Keywords: Anatomical properties; Physical properties; Strength properties; Malaysian bamboo

Contact information: Forest Research Institute Malaysia, 52109 Kepong, Selangor, Malaysia;

* Corresponding author:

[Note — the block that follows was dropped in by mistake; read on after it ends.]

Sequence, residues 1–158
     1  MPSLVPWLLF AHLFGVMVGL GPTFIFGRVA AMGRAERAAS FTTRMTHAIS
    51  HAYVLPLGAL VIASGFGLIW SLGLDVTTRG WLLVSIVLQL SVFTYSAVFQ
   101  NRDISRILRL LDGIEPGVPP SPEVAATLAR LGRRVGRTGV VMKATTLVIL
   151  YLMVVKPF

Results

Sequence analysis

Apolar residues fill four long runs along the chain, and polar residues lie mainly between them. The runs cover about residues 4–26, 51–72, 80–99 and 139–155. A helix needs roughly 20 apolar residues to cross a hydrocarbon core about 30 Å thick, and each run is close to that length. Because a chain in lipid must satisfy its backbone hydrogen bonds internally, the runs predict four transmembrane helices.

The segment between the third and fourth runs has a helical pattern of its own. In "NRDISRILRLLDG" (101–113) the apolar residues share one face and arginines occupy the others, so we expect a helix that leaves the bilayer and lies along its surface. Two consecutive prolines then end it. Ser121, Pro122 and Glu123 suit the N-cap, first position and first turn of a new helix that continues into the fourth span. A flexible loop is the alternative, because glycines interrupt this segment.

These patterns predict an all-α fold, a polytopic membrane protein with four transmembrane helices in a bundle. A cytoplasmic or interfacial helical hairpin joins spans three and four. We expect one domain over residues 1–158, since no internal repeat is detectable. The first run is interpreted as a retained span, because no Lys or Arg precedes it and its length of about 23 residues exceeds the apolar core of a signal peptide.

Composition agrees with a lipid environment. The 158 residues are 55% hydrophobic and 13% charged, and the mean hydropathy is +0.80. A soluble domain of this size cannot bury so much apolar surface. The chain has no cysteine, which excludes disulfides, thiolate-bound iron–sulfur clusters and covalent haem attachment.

Bamboo is considered a fast-growing plant that is widely used for the manufacture of handicrafts, baskets, furniture, and general merchandise. The use of bamboo has evolved from traditional to more value-added products. According to Xing et al. (2015), bamboo can be regarded as the best alternative for replacing timber because bamboo has high strength and is fast-growing. As stated by Krause and Ghavami (2009), bamboo in its round form demonstrates excellent mechanical properties that make it useful for the construction industry and can reduce the need for steel. Bamboo is a cylindrical, usually hollow, light-weight, and functionally-graded material that demonstrates optimal characteristics for building truss elements that are frequently used in civil construction. In addition, Xing et al. (2015) reported that bamboo is an important raw material for housing and bridge construction in China. Bamboo has also been used in a wide range of engineering and civil construction applications including scaffolding, fiber-reinforced composites, and bridges (Tan et al. 2011). Because the uses of bamboo have become more diversified, it is important to understand the basic anatomical, physical, and mechanical properties of the particular bamboo to assess its suitability for the intended purposes. According to Abd. Latif et al. (1990), Razak et al. (2002, 2005, and 2010), and Wang et al. (2016), the anatomical properties of bamboo are important due to their effect on mechanical properties, preservative absorption, and properties of the end products, especially pulp and paper. Anatomical properties can also influence the bamboo’s durability, toughness, workability, and strength (Liese 1985; Espiloy 1987; Razak et al. 2010). These findings were further supported with a study by Xin et al. (2015), where it was concluded that the anatomical structure of bamboo is basic knowledge for understanding the physical and mechanical properties as well as the utilizations of the bamboo.